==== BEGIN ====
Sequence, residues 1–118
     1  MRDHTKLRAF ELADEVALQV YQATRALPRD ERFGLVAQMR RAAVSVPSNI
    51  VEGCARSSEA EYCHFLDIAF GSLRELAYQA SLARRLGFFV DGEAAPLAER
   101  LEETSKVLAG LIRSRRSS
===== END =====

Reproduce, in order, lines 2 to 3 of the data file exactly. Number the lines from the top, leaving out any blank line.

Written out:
     1  MRDHTKLRAF ELADEVALQV YQATRALPRD ERFGLVAQMR RAAVSVPSNI
    51  VEGCARSSEA EYCHFLDIAF GSLRELAYQA SLARRLGFFV DGEAAPLAER